Archive for the ‘Interesting & Fun’ Category

Who Is The Rock Collector George Hasselbacher?

Tuesday, December 4th, 2012

Who knows who the rock collector George Hasselbacher is? For the past few months, a number of specimens collected by George and labeled with his name have been put up for sale on eBay. I contacted the seller, but he knew nothing about George. Surely one of you out there can flesh out the story for us. Contact me privately.

Further Discussion of What Our Name Means: No Rabbit Need Apply

Sunday, May 20th, 2012

I thought I had a handle on what our name, Hasselbacher and its variants, meant. We are peoples who stem from places named Haselbach or Hasselbach. The common thread which gives our name its meaning is a brook or stream named the Haselbach, and the presence of Hazelnut bushes. My scientific theory took a hit when I found the Wappen or insignia of a volunteer firefighter’s corps in Haselbach near Pfaffroda. It contained a rabbit jumping over a brook– the embarassment of my childhood revived!

As it happens, this exception proves the rule. The rabbit is not a traditional part of the logo of the village. Everyone in town assumes my expected explanation: the brook that runs through both the town and the hazelnut bushes on its banks.

Learn more about this interesting story on the website.

Peter, 20 May 2012

The Römhilds of Großbreitenbach

Wednesday, September 21st, 2011

Until a few years ago, I knew not even the name of my maternal Great-Great Grandfather. He was one of the figurative “Brick Walls” genealogists fear. I made a major break-through last month when I discovered the village in Germany from which he emigrated in 1854. As is usually the case, once you can identify the ancestral village, a hundred years or more of records and information pours fourth– as it did for me last month. I also met some wonderful new cousins. As an added bonus, I even found a photograph portrait of Gustav as a grown man that had been sitting in an obscure book on a shelf for over 130 years. (It is the only known image of him.)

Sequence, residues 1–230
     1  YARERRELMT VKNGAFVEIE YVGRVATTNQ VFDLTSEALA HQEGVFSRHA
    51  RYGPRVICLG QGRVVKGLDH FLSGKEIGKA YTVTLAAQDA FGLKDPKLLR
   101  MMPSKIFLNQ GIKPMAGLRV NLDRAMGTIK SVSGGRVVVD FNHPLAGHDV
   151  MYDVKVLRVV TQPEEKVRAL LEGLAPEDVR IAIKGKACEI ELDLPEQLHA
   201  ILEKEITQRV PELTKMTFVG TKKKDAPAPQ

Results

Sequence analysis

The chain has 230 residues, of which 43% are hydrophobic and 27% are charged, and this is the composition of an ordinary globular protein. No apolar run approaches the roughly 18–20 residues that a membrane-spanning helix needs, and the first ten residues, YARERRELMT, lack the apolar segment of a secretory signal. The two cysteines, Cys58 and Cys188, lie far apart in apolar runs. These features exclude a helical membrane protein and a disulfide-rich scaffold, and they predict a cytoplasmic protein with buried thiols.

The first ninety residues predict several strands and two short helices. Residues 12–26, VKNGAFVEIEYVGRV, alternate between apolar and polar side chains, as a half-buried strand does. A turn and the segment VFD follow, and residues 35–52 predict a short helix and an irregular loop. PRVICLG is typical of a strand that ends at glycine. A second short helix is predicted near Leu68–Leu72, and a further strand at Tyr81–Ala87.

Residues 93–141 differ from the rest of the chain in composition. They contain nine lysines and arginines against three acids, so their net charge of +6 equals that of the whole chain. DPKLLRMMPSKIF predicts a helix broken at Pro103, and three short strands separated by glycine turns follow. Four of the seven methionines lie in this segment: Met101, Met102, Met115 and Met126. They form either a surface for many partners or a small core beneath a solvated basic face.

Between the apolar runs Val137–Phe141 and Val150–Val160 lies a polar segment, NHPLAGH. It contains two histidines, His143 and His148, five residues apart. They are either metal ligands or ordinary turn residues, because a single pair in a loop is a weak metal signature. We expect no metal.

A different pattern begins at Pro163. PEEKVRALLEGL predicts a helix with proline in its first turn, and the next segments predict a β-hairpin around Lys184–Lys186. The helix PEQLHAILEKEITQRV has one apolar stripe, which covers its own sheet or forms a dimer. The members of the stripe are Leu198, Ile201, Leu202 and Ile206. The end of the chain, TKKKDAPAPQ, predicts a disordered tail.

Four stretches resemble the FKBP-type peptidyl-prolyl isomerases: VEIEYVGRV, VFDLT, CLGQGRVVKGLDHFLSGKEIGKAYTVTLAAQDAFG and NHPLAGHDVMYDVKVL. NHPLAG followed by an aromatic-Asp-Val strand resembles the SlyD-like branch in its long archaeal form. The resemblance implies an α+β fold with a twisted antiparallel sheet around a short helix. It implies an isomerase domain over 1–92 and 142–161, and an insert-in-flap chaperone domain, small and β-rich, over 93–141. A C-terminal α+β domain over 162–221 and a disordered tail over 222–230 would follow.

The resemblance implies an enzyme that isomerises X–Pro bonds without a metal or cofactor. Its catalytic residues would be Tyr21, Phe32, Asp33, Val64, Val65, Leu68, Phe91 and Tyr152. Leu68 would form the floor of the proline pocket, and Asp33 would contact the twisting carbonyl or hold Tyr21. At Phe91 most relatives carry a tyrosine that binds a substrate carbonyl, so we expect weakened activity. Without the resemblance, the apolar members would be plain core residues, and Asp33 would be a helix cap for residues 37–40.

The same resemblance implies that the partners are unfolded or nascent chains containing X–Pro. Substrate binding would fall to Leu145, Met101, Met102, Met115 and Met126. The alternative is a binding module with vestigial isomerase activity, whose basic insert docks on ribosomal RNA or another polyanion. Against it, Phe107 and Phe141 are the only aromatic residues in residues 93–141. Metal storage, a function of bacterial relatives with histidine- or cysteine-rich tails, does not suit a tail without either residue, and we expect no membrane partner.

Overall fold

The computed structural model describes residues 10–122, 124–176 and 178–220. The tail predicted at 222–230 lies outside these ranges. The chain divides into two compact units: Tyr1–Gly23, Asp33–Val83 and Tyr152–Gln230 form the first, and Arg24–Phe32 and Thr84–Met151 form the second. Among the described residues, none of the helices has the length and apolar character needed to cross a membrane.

You can follow my adventures and watch the process of analyzing old German church books as I publish my findings on the Hasselbacher Website.

The Death of Paulus the Elder, 1750

Friday, October 29th, 2010

I just posted the first of several original documents recovered during my recent trip to Germany. It is the original burial record of Paulus Hasselbacher and one I have been coveting for some time. It carries the weight of a genuine historical document and gives an insight into the village clout of even the reformed church of Germany in those times. I collected and translated a considerable body of information about this prominent ancestor of many of us and will present it in detail soon. For now, I hope you will share my reverence for such original documents that have the power to connect us with our past in an unparalleled ways.

Further Adventures in Münchsteinach

Wednesday, October 27th, 2010

Although I personally am not a son of Münchsteinach, my Hazelbaker friends in America are, as are some of my new relatives in Germany. Therefore, whenever I return to the Aischgrund (the plain of the river Aisch in which our little villages lie) I make it a point to visit. Even when I come with a game-plan, I generally stumble on something unexpected. After all, that is what an adventure is all about. My visit in October 2010 was no different– that is to say, full of surprises. (more…)

The Best Beer Ever; and how we got our name, continued